Today’s interim report from the National Audit Office (NAO) finds that the government has rapidly scaled up COVID-19 testing and tracing from a low base. It is not yet achieving all its objectives, with too few test results delivered within 24 hours, and too few contacts of infected people being reached and told to self-isolate.1
The Department of Health & Social Care (DHSC) rapidly increased testing capacity in England from April and launched the NHS Test and Trace Service (NHST&T) at the end of May to lead the overall test and trace programme. As a result of NHST&T’s work millions of people have discovered whether they have COVID-19 and whether they should self-isolate.
NHST&T’s budget for 2020-21 has grown over time and now stands at £22 billion. Of the £15 billion of funding confirmed before the November Spending Review, around £12.8 billion (85%) is assigned to testing and £1.3 billion to tracing. DHSC has identified much of the additional £7 billion budget allocated in the Spending Review as being needed for mass testing, which was formerly referred to as Operation Moonshot.2 Up to the end of October, NHST&T had spent £4 billion, around £2 billion less than forecast, due to underspending on laboratories, machines and mass testing.3
Contracts worth £7 billion have been signed with 217 public and private organisations to provide supplies, services and infrastructure, including test laboratories and call handlers for tracing. NHST&T has plans to sign a further 154 contracts, worth £16.2 billion, by March 2021. In total, 70% of early contracts by value were directly awarded without competition under emergency measures that were in use across government.
International comparisons show that outsourcing is a part of many testing systems but is unusual for tracing. A range of stakeholders have queried why the government did not involve local authorities more in its initial approach to tracing, given their previous experience in this area. The government did not document with a business case the basis for the delivery model it initially chose until September. NHST&T told us that, in the time available, the only feasible approach was to focus first on building up tracing capacity centrally. Local authorities have become more involved in tracing over time. For example, from July, some local authorities started to set up their own contact tracing schemes, in conjunction with NHST&T, for cases that the national service could not reach. By the end of October, 40% (60) had one in place with a further 46% (69) planning to set one up.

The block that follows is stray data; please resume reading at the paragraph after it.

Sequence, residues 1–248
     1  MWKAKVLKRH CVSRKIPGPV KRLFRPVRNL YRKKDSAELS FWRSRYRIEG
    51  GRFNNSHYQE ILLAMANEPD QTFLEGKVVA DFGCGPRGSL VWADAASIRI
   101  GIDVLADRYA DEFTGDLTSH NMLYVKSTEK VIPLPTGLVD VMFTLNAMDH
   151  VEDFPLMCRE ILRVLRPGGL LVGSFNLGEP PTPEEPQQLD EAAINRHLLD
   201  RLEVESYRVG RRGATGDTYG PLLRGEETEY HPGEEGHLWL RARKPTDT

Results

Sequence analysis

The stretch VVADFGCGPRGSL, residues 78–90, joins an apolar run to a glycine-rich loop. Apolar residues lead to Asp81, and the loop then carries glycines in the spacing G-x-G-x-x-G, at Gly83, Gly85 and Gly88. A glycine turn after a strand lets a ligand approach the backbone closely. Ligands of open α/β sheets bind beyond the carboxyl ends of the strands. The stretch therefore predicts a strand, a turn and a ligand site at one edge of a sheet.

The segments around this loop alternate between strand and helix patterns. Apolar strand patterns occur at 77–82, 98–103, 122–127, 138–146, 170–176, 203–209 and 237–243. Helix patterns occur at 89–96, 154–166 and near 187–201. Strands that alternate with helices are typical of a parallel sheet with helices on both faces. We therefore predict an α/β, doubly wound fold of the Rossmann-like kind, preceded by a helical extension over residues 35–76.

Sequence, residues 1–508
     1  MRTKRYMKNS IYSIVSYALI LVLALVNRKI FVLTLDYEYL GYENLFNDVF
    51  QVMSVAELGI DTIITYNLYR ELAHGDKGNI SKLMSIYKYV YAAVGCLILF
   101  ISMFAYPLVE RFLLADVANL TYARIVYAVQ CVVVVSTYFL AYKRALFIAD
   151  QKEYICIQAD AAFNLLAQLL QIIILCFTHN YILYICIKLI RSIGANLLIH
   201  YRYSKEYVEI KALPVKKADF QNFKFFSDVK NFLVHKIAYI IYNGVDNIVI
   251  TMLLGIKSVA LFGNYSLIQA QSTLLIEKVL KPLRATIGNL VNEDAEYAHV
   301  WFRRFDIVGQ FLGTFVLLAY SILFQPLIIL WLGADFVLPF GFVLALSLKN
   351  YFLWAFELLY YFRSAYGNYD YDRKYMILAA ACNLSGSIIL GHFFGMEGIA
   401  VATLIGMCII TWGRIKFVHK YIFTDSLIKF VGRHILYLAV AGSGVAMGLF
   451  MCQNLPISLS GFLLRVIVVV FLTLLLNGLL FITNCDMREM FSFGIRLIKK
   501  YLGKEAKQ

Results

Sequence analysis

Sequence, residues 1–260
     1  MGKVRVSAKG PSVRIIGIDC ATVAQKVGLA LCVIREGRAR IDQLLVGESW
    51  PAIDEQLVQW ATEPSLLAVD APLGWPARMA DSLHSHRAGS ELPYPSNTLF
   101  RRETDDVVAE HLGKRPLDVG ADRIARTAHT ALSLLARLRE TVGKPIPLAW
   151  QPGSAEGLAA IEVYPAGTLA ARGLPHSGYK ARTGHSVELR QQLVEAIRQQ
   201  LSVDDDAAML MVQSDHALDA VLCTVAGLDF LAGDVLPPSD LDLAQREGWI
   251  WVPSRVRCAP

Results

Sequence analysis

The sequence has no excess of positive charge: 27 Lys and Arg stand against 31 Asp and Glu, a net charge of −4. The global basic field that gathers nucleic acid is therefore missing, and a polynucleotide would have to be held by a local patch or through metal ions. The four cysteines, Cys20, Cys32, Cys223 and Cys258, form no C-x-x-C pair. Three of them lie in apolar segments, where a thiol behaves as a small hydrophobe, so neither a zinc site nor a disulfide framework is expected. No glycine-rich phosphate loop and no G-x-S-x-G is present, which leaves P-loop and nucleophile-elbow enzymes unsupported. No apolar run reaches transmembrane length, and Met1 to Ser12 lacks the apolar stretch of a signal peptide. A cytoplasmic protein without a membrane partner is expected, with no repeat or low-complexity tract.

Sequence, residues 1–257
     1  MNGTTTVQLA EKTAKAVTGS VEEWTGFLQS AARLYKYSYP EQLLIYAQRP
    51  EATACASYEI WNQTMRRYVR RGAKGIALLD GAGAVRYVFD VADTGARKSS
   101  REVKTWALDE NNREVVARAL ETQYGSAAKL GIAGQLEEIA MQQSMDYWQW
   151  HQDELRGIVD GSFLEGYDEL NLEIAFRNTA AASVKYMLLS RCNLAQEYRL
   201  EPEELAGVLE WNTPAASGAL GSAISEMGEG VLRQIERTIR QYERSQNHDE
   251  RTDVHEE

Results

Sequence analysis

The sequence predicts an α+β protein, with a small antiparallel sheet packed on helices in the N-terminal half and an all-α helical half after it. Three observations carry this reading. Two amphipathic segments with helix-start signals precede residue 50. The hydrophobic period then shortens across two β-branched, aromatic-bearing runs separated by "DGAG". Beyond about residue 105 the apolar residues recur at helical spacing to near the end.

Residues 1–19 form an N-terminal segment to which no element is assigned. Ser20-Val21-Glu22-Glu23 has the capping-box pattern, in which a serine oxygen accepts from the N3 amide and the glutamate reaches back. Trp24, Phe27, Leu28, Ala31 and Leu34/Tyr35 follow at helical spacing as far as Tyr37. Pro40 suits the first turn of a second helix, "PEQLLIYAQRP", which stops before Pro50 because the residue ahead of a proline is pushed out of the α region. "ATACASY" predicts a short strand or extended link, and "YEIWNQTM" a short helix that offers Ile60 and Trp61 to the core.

NHST&T’s testing capacity increased five-fold between May and October, setting up hundreds of new testing sites and expanding its network of laboratories, but the number of tests being processed daily is below reported capacity. It reached its public target of having capacity for 500,000 tests per day on 31 October and is working to reach 800,000 by the end of January 2021. However, on average the number of tests carried out was only 68% of the published maximum between May and October. NHST&T recommends that laboratories use a maximum of 85% of their published capacity in normal times.
A target to provide results within 24 hours of in-person testing in the community has not been met. Turnaround within 24 hours peaked in June at 93% but subsequently deteriorated to reach a low of 14% in mid-October before rising to 38% in early November. Turnaround times for tests conducted in hospitals and care homes are faster, with around 90% of results returned within 24 hours, though this is calculated on a different basis to in-person tests in the community.4